Keep up the good work!
David your work is phenomenal. Hope you are doing well at Stroud. Thanks for the tips and the success.
Great Piece on riparian fencing. I put up some riparian fencing on the home place a few years ago, and I had to learn the hard way that running three board fence across the river even on a cable system with swing up boards is not the best way to go.
Something about “Old Man River” just keeps rollin’ along…..
Thanks for sharing……..George
Excellent article as always Bobby. We appreciate your efforts!
Superb, what a web site it is! This web site presents
helpful facts to us, keep it up.
Thank you for this information. Nice job! Do you know what the federal and state tax implications are of receiving the cost share funds. Are they taxable or not?
June, thanks for stopping in. Yes, the payments are considered income and you will receive a 1099; however, since you fronted the money as an expence, it is “awash”. It is of no tax consequence.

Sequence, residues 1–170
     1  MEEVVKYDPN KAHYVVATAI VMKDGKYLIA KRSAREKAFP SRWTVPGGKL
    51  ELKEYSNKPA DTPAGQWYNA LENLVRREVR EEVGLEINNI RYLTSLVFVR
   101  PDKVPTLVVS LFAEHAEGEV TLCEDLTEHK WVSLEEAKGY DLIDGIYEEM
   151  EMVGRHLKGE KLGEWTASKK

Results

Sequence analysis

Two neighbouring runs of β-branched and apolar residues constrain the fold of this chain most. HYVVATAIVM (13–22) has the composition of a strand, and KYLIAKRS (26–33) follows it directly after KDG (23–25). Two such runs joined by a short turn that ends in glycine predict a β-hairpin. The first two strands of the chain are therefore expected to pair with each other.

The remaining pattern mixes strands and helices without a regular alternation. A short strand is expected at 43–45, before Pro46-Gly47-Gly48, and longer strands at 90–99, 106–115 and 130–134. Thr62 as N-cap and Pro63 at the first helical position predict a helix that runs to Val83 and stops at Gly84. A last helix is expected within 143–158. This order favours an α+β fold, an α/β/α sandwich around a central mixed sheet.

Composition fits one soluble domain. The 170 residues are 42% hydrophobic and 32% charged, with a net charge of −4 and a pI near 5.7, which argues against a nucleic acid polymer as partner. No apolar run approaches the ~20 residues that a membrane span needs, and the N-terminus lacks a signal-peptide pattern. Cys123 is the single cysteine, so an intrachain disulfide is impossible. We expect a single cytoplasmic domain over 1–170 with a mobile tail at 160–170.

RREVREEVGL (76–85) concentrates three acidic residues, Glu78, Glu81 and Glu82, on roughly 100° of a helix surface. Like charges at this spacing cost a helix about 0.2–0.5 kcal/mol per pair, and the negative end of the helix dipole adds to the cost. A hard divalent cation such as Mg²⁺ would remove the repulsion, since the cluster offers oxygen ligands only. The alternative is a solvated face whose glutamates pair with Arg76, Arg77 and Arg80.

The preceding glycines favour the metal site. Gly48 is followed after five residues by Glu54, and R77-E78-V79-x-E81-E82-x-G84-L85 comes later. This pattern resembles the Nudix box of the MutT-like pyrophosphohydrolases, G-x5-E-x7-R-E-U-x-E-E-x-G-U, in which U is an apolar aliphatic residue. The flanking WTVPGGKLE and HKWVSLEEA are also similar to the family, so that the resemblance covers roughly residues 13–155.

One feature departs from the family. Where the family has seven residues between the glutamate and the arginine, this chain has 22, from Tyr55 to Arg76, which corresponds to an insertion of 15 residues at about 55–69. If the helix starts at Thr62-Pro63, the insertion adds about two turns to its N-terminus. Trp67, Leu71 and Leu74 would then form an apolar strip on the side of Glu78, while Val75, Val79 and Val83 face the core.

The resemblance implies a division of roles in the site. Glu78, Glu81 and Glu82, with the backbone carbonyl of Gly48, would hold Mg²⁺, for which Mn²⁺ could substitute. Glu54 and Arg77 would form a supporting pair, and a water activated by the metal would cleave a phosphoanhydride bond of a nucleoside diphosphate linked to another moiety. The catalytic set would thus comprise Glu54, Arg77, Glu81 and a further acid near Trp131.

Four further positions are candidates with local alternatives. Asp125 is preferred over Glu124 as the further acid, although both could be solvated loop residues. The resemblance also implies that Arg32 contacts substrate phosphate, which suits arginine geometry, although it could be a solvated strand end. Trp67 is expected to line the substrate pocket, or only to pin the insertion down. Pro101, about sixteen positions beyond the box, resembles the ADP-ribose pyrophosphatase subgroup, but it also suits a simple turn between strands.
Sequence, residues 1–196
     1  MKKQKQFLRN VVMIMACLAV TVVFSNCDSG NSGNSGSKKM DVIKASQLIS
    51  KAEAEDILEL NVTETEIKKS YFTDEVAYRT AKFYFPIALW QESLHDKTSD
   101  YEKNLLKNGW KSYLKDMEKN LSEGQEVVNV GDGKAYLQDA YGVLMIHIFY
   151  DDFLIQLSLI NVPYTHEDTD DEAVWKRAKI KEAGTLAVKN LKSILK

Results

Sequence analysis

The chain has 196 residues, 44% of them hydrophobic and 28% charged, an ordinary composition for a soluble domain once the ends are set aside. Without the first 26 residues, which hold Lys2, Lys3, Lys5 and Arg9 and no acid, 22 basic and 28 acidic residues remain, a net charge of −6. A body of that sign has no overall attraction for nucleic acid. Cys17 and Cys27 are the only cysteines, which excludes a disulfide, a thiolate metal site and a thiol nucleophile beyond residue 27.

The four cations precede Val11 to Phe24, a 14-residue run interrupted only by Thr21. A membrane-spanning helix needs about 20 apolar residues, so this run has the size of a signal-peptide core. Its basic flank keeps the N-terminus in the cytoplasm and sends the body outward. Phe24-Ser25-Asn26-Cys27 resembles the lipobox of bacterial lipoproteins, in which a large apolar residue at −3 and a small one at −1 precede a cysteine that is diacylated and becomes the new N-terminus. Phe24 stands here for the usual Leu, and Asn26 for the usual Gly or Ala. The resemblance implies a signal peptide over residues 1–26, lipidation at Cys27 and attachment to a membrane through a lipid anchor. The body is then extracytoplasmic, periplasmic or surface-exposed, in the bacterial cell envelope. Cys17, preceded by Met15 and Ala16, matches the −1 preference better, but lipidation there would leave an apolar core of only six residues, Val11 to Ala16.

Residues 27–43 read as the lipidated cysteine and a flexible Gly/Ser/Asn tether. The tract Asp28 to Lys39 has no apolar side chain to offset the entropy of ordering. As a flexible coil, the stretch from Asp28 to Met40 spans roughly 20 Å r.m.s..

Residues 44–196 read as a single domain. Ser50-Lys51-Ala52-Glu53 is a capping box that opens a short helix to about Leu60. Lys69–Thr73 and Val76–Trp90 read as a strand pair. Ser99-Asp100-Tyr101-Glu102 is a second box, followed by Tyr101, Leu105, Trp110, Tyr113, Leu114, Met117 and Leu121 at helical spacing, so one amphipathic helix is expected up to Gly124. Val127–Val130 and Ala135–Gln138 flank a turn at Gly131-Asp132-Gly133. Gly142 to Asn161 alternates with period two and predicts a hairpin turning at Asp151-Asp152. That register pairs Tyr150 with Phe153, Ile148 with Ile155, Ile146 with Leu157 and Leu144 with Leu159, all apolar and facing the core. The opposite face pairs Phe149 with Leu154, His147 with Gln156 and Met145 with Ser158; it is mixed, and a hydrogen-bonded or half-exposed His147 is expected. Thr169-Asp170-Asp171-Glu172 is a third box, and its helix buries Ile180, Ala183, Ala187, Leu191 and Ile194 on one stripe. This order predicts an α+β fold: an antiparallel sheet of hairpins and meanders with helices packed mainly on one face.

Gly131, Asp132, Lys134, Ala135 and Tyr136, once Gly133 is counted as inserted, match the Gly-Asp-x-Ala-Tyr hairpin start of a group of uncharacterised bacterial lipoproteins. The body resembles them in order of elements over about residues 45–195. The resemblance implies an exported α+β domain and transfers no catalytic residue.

Bobby, thank you so much for your very prompt reply and your commitment to responsible farming, the environment, and this blog.
You are welcome, June.
I just thought of another question. What tax form and how do you claim this as an expense? This income is claimed as a standard 1099 income line, correct?
We use the “F” form which is for farming. It can be an expense there in a couple of line items. You could call it “conservation expense”. You will receive a standard 1099 from your USDA and Soil and Water Conservation District. Good luck with your project and if I can help out just email me or call me 540-280-7134. My contact info in on the homepage.
Bobby, Thanks again. Your information is very helpful.